I agree with Sydney. This is a terrible decision by the provincial government. Although it would be nice to think that parents have the ability to teach their children about sex, we know from experience that it is not done by many. Many parents were not taught themselves….or sex has been coated with heaps of cultural mystery. It is another short-sighted decision to appease people who are afraid of change. And in the end we end up hurting our children, by not providing them with the tools they need to master their own lives.

  6. Patrick Flanagan on

    Many readers of this thread voted for Ford. To get a balanced discussion, would one of you please explain why you believe this change is positive for the people of Ontario.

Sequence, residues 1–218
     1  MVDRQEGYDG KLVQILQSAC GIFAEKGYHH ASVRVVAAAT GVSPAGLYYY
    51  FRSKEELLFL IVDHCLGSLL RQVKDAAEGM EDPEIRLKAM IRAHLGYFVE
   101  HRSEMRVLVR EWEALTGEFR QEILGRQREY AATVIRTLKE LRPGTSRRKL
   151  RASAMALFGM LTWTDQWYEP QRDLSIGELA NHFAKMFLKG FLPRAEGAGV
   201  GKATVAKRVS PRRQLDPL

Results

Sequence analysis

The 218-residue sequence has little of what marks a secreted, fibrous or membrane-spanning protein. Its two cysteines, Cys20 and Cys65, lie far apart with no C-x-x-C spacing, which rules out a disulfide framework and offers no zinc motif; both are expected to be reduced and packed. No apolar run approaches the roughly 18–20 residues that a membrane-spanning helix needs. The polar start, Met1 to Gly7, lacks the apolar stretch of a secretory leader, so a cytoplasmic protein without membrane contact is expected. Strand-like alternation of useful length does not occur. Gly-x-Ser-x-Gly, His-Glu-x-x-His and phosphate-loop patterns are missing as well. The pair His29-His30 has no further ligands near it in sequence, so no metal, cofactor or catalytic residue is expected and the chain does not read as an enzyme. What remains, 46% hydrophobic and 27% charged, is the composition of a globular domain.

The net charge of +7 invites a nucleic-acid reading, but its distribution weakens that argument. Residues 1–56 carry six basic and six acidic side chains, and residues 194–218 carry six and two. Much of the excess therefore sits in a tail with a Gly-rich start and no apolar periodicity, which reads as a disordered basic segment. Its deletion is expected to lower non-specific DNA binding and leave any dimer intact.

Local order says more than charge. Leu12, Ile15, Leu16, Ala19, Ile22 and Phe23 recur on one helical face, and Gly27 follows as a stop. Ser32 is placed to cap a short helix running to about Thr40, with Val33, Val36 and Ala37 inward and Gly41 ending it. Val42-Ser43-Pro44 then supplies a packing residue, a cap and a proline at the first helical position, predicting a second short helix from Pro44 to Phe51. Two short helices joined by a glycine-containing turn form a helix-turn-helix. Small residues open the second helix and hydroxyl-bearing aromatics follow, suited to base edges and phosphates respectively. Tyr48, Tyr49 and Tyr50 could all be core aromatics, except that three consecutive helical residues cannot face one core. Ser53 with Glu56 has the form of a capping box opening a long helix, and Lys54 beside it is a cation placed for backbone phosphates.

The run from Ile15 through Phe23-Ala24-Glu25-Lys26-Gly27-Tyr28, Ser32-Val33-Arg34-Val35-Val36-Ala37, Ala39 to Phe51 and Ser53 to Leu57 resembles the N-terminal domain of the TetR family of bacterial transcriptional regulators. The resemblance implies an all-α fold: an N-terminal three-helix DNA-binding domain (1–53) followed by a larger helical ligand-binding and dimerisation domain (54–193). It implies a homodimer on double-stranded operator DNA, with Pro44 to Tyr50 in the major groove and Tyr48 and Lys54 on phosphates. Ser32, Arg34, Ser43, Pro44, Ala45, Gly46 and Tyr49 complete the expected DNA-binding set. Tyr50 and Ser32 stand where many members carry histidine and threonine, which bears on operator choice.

7. An informative article/point of view concerning what many regard as a very regressive decision made by the Ford government this past week, around which there are many diverse opinions. I wonder how many have actually read or glanced over the 239-page curriculum document released in 2015 entitled ‘The Ontario Curriculum, Grades 1-8, Health and Physical Education.’ If you have some time to get informed, even a read of pages 3-39 is well worth it. And yes, the significant role of parents as ‘primary educators’ is mentioned and developed (pp.13-14). Sensitivity to ‘family values, religious beliefs, or other social or cultural norms’ is also stressed’ (p.36). ‘Abstinence’ is mentioned under the heading of ‘Human Development and Sexual Health (p.38). Here’s the link to the so-called 2015 ‘Sex-Ed Document’: http://www.edu.gov.on.ca/eng/curriculum/elementary/health1to8.pdf